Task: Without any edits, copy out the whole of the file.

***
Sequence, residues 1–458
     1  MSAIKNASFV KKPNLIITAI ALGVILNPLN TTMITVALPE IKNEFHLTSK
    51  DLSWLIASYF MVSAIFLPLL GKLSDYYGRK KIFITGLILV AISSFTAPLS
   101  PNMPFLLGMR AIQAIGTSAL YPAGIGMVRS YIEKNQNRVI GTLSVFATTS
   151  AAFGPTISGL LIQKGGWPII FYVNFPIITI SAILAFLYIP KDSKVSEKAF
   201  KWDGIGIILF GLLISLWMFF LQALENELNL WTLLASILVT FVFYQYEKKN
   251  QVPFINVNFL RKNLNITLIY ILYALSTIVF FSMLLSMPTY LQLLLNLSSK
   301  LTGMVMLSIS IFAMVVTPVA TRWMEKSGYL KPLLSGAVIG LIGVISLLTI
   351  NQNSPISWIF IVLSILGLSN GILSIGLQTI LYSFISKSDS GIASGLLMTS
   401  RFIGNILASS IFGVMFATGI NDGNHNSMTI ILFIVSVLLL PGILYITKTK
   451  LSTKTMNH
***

Sequence, residues 1–458
     1  MSAIKNASFV KKPNLIITAI ALGVILNPLN TTMITVALPE IKNEFHLTSK
    51  DLSWLIASYF MVSAIFLPLL GKLSDYYGRK KIFITGLILV AISSFTAPLS
   101  PNMPFLLGMR AIQAIGTSAL YPAGIGMVRS YIEKNQNRVI GTLSVFATTS
   151  AAFGPTISGL LIQKGGWPII FYVNFPIITI SAILAFLYIP KDSKVSEKAF
   201  KWDGIGIILF GLLISLWMFF LQALENELNL WTLLASILVT FVFYQYEKKN
   251  QVPFINVNFL RKNLNITLIY ILYALSTIVF FSMLLSMPTY LQLLLNLSSK
   301  LTGMVMLSIS IFAMVVTPVA TRWMEKSGYL KPLLSGAVIG LIGVISLLTI
   351  NQNSPISWIF IVLSILGLSN GILSIGLQTI LYSFISKSDS GIASGLLMTS
   401  RFIGNILASS IFGVMFATGI NDGNHNSMTI ILFIVSVLLL PGILYITKTK
   451  LSTKTMNH